New York.- By Ellie Ismailidou
“Oh, you are from Cyprus?” said the Vietnamese barista in Toronto to a Cypriot university professor reaching for his Cypriot credit card to pay for coffee. “I wouldn’t take money from your bank right now.” Stavros Zenios, a professor of public and business administration at the University of Cyrpus, told this anecdote with bittersweet humor Monday night to a diverse audience of students, diplomats and businessmen at Columbia University’s School of International and Public Affairs (SIPA).
His experience is indicative of the confusing situation around the Cyprus debt crisis. A small Mediterranean island of merely 860,000 citizens, Cyprus managed to shake the world’s markets and gain international notoriety when it had to reach a last-minute $13 billion agreement with the European Union and its international creditors on March 25th.
Yet as the international community has its eyes on Cyprus, how much does it really understand about the causes of the Cyprus debt crisis? And how effective has the solution, the notorious bail-in that saved the country’s ailing banks and averted the country’s possible exit from the Eurozone, been for Cyprus’s recovery?
These were some of the questions that Zenios, a former tenured faculty member at the University of Pennsylvania’s Wharton School, tried to address during his speech during the event hosted at SIPA on Monday.
Zenios named the Cyprus debt crisis “the perfect crisis” – an allusion to the perfect storm – because of key characteristics of the Cypriot economy: declining competitiveness; increasing debt overhang of businesses and households; a society that was “living beyond its means,” and most importantly, a banking sector with assets as high as eight times the country’s GDP, which relied mainly on what Zenios called “hot money,” namely “money that is coming in and out of the banking system.”
Zenios highlighted the fact that a high sovereign debt or a gigantic banking sector are not ailments for an economy in and of themselves. “You can have a big debt, as long as you keep your debt-per-taxes ratio low,” he said. “Relying heavily on the banking sector is a problem only when banks are not regulated.”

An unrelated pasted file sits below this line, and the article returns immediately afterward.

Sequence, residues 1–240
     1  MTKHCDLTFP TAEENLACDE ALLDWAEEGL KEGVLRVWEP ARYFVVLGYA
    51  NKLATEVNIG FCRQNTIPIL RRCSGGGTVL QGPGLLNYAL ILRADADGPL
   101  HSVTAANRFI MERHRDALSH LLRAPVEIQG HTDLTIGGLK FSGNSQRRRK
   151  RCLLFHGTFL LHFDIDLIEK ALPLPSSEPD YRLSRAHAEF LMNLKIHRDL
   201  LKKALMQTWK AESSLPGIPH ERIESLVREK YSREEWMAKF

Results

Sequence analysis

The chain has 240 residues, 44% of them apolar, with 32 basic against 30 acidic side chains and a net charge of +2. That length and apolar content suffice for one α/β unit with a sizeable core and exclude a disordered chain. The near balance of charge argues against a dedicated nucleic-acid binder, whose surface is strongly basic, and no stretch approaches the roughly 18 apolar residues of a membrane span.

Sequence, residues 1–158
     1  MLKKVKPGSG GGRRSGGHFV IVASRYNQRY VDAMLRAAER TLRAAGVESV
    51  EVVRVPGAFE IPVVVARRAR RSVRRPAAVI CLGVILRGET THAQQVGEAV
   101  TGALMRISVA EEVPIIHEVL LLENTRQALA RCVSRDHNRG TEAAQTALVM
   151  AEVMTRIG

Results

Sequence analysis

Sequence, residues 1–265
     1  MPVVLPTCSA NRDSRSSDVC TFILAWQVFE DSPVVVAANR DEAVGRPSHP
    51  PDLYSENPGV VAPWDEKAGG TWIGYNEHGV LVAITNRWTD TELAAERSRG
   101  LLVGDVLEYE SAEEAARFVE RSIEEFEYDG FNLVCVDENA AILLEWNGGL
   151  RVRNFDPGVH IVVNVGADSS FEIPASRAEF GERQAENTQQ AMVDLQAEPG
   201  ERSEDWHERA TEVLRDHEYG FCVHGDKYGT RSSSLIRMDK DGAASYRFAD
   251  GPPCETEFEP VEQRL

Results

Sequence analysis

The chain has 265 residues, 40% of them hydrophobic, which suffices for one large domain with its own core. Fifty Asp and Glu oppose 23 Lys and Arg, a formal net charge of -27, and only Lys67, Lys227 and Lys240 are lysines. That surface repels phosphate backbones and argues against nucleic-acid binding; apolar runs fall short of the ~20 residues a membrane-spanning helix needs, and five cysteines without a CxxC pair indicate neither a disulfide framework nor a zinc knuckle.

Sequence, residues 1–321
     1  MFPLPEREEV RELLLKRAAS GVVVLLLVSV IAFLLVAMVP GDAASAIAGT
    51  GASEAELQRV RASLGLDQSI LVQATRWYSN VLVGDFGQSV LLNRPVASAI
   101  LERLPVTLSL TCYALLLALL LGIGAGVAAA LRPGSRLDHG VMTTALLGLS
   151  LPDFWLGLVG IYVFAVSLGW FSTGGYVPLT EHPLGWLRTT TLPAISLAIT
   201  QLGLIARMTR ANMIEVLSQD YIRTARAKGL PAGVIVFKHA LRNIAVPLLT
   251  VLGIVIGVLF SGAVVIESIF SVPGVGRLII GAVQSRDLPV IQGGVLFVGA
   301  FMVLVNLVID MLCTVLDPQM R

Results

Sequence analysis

Under these circumstances, could Cyprus have learned from the ordeals of other EU member states with similar financial struggles, such as Greece or Ireland? “Ireland and Cyprus had something in common, unlike Greece: they did not start off with a big sovereign debt,” said Seamus O’ Cleireacain, a panelist at last night’s event and a professor of economics at City University of New York and at Columbia.
Both Ireland and Cyprus were eventually shut out of capital markets, said O’ Cleireacain. But Cyprus, he added, was not nearly as quick as Ireland to react. “When you are facing this type of conditions, you don’t have the world media talk about ‘prolonged negotiations’ and you comply with the creditors’ requests. This is what Ireland did by setting the paradigm for the ‘golden boy of austerity’,” he said.
However, in Ireland’s bail-out, the government provided a 100 percent guarantee of all bank creditors, depositors and bond holders, said O’ Cleireacain. Whereas, in Cyprus’s case, the so-called bail-in stipulated that bondholders and savers with more than 100,000 euros ($130,460) in their accounts at the country’s two largest banks would be forced to take losses.
Also, as Zenios pointed out, due to the bail-in Cyprus became the first Eurozone member country to impose capital controls inside the monetary union, namely restrictions of the amount of money that businesses and individuals can transfer domestically or abroad without prior approval from monetary authorities. At the beginning of April, the limits were 25,000 Euros ($32,615) for domestic transfers and 5,000 Euros ($6,523) for international transfers.
Due to these elements, the bail-in agreement had important negative implications, according to Preston Keats, a member of yesterday’s panel and an executive at the Swiss investment bank UBS, who specializes in political and country risk assessment.
First, by forcing depositors to lose part of their money to save the ailing banks, the agreement sets a precedent for deposit haircuts and eventually will lead to depositors’ flight to other countries, said Keats.
Second, by imposing capital controls, the agreement creates the perception that depositors will not be able to freely move their money in and out of Cyprus’s banks in the future. Therefore, it further encourages capital flight, he added.
The panel’s moderator Alexis Antoniades, an assistant professor of economics at Georgetown University, pointed out that the imposed austerity has the potential to kill growth, while banks are still faced with the possibility of insolvency.
“People from foreign countries will not be likely to invest in Cyprus when there is even a minor risk of Cyprus leaving the Euro,” he concluded.
“It looks like the bail-in agreement basically tells investors to move their money to U.S. or Swiss banks,” mentioned Zenios towards the end of the event.
He called the agreement a “bad haircut” and said that it is a prime example of “bad politics getting in the way of good policy.” He concluded that as a result, the IMF projections for Cyprus’s GDP growth went from negative 3.5 percent before the haircut, to a current negative nine percent.